As a consequence, this paper, like the symposium discussion, is organized into two parts. The first part focuses on questions and issues of quality assurance viewed largely from the perspective of institutions and agencies. It explores the nature of the problem that distributed learning seems to present for traditional quality assurance practice. The second part focuses on quality assurance from the point of view of consumers, primarily students but also employers and graduate and professional schools. The accreditation process and many of the quality assurance methods used in the academy pre-date the consumer culture that has become widely accepted in today’s society. How are consumer needs different from those of institutions and quality assurance agencies in a distributed learning environment? One thing is clear: when we turn to questions of quality assurance at the course level, where most consumers interact with online learning, we find chaos. Yet as this paper suggests, we can find a way out of this chaotic situation by meeting both the providers’ and the consumers’ needs.
A few words about terminology are in order. Throughout this paper, the terms distance learning, distance education, distributed learning, and online learning are used more or less interchangeably. At times, the use of distance learning seems appropriate because the issues under discussion most frequently concern off-campus (distance) versus on-campus learning. At other times, particularly when describing the new higher education environment, the phrase distributed learning more clearly expresses the changing nature (and the blending) of all forms of higher education. In any event, the reader should not draw unwarranted conclusions from a particular usage. This paper, like the discussion in Lake George, builds on the good work of the individuals who participated, both virtually and in real time, in the symposium. Before our meeting, a number of them submitted written answers to a series of questions, and their responses, elaborated by the discussion, have been included in this paper. Although not every participant will agree with every statement in this paper, both the discussion and our general conclusions have been captured.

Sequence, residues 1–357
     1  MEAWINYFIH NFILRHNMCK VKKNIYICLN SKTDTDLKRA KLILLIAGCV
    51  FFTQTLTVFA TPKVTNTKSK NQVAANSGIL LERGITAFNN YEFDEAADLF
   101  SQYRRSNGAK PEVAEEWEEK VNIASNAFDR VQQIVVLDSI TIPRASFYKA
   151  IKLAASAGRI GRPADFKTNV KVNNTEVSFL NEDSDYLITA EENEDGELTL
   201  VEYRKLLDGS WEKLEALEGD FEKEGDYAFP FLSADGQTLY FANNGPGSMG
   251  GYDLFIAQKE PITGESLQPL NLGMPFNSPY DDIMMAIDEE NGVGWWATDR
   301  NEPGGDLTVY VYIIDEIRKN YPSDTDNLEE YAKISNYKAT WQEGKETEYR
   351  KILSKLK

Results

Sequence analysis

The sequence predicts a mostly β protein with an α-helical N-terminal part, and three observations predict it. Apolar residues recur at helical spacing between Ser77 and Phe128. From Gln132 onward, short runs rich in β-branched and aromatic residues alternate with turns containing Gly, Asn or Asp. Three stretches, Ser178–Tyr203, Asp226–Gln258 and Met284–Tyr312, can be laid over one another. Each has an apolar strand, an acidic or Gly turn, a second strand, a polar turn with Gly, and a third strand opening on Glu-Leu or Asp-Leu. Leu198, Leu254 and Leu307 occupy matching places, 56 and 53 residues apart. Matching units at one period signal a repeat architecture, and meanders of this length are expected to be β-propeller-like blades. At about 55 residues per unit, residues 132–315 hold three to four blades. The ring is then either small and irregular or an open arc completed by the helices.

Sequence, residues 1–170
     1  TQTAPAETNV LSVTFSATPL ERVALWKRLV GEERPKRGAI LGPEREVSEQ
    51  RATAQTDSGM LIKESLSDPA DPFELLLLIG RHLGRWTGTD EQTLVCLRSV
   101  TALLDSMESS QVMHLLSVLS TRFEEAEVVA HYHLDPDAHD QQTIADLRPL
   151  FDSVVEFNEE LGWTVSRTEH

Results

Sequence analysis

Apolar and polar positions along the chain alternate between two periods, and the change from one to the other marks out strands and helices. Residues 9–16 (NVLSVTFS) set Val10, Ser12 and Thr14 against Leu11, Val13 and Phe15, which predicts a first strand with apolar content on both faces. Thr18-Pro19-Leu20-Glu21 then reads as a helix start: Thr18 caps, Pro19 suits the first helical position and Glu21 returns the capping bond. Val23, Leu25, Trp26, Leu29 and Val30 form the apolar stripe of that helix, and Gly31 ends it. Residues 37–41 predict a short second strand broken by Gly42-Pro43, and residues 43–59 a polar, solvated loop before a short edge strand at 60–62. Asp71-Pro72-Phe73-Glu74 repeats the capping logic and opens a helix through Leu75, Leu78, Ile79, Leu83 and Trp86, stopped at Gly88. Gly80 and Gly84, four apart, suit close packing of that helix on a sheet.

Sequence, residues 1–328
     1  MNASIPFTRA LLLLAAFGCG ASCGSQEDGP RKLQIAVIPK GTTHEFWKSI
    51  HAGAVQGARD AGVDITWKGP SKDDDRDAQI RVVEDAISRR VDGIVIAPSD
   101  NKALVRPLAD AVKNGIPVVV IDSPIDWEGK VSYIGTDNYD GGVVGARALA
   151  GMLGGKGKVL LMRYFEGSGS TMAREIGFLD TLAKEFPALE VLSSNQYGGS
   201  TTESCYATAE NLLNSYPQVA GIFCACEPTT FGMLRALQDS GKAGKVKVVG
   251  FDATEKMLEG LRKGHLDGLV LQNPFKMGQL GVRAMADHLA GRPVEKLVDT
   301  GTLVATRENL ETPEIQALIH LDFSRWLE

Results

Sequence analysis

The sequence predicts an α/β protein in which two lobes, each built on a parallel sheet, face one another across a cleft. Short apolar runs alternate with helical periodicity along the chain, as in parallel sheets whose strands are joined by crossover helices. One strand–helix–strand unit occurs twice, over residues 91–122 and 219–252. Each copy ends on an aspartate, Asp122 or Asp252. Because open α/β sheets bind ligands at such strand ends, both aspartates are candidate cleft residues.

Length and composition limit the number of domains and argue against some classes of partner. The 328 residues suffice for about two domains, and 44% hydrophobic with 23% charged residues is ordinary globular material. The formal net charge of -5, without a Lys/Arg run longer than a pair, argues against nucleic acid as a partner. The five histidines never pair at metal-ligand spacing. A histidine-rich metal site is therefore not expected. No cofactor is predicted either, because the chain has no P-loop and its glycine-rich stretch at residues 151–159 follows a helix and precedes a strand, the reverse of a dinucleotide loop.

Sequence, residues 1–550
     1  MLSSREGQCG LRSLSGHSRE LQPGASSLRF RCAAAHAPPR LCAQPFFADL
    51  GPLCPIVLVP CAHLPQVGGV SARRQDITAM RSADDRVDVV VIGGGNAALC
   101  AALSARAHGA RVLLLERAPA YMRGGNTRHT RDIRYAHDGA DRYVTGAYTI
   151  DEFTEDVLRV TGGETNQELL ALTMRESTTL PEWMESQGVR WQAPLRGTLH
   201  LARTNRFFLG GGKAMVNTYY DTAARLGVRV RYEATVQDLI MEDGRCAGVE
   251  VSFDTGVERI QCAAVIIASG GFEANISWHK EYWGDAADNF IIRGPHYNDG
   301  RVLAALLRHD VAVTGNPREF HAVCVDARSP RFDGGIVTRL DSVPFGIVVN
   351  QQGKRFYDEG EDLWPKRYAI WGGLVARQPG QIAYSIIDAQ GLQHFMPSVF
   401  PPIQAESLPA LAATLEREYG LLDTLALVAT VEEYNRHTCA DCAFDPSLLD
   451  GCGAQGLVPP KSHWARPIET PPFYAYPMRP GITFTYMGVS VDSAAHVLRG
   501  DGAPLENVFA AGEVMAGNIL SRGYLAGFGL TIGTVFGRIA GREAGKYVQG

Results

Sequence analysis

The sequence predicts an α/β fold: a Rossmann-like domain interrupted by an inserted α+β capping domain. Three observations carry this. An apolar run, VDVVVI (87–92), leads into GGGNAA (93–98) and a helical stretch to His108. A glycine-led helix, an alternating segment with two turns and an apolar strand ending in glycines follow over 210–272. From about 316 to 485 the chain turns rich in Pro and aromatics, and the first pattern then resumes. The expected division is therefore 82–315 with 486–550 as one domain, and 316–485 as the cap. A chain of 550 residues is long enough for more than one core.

The goal of the Pew Symposia is to approach topics related to learning and technology from a public-interest perspective. Many constituencies bring self-interested agendas to discussions about technology: administrators worry about facing competitors; faculty worry about keeping jobs; and vendors worry about selling particular hardware and software. So too do different segments of the higher education community bring competing agendas that often reflect political considerations first and quality concerns second. The Pew Symposia are intended to produce thoughtful analyses and discussions that serve the larger good. Please let us know if we have met that goal in our approach to this very important and somewhat contentious issue.
THE NATURE OF THE PROBLEM
Many members of the higher education community approach the issue of quality assurance in distance learning not as a desired end but as a problem that needs to be solved. The "problem" expresses itself in three different but related ways.
1. Distance learning requires new, separate quality assurance standards because it is different.